When it comes to audio recording and mixing, there are two main types of sound: mono and stereo. Mono audio is a single-channel audio that does not provide information about the location of the sound in relation to the listener. Stereo audio, on the other hand, is two-channel audio that provides information about the location of the sound in relation to the listener. So, when should you use mono vs stereo? Generally speaking, mono recording is perfect for vocals and can work on other instruments.
Stereo recording works well on acoustic guitar and even on drums. Mono mixing helps you get a track that sounds good everywhere. And the stereo mix shows you the beautiful stereo panorama you've created. Mono tracks send only one channel for all speakers.
However, stereo tracks send two different channels, one for each speaker. Most people today use stereo because it sounds wider, more detailed and much more realistic. Mono tracks should make up most of the channels in your mix. In a mono recording, we capture a single source of sound with a single microphone.
In a stereo recording, we capture a single sound source or several sound sources with two microphones. A vocal recording is an excellent example of a mono sound source. The sum of all these channels with persistent mono-information converges in the center and makes the mix sound tighter. It's important to note that some listeners will be using smartphones or other mono playback systems. In general, you'll want the voice, kick, bass, and box to be centered and in mono mode, and everything else to be on the sides.
One of the main arguments in favor of mixing in mono is that it helps achieve the correct volume balance. When you use a single audio channel, you get what's called mono audio. If you have multiple microphones and send them to a single audio output, mono audio is created. However, some synthesizers will be monophonic and, in this case, are usually labeled as such, in addition to having only 1 output. But why do some people continue to opt for mononucleosis? Surely there are times when it's better to choose the latter, right? The following Steven Law video contains a consecutive comparison of a mono guitar recording and a stereo guitar recording. When the stereo mix is played through a mono system, the left and right channels will be mixed, which may cause interference between the left and right signals. Mono mixing is useful to ensure that the song is translated and that the information is not erased or otherwise lost. When the sound reaches your ears, it will appear mono anyway because they don't perceive the left and right channels separately.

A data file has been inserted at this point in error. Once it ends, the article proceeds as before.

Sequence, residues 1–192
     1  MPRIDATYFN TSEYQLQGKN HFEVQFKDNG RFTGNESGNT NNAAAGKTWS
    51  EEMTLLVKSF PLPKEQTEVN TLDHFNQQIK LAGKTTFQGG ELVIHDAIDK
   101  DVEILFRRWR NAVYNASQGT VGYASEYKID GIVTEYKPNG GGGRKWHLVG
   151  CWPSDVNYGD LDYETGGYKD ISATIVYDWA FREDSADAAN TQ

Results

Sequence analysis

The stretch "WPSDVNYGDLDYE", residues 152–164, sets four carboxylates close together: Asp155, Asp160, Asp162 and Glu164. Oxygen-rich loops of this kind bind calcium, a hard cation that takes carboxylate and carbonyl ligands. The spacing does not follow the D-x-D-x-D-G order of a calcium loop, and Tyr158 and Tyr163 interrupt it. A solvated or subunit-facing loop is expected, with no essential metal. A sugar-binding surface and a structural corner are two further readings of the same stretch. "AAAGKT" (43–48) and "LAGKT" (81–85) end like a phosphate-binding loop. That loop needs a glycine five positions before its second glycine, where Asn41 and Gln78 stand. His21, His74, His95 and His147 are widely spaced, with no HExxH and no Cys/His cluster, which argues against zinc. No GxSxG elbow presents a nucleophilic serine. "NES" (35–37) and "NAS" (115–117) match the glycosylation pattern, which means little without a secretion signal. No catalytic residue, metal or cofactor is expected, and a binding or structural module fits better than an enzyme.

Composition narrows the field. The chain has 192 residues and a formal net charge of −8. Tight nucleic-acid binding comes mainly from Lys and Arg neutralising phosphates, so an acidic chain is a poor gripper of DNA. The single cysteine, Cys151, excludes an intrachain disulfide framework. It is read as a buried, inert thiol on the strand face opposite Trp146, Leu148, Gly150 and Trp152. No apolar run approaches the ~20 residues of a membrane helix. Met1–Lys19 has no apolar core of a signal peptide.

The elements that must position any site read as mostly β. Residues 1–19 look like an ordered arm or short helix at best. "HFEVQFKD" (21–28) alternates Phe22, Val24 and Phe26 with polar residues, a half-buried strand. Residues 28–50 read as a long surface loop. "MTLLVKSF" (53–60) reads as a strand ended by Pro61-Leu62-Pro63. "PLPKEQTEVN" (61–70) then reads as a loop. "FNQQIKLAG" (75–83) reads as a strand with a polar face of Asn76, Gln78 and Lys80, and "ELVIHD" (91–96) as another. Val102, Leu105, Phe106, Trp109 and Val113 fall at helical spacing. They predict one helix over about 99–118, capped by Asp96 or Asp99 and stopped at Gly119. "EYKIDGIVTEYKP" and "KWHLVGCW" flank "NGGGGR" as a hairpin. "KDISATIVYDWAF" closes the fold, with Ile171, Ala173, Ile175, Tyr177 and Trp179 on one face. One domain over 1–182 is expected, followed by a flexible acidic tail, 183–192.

So if you're looking for an accurate representation of your mix across all playback systems, it's best to check your mix in both mono and stereo. In conclusion, when deciding between mono vs stereo audio recording and mixing, it's important to consider your audience's playback system as well as your own preferences. Mono recordings are great for vocals and can work on other instruments while stereo recordings work well on acoustic guitar and even drums. Mono mixing helps you get a track that sounds good everywhere while stereo mixing shows you the beautiful stereo panorama you've created.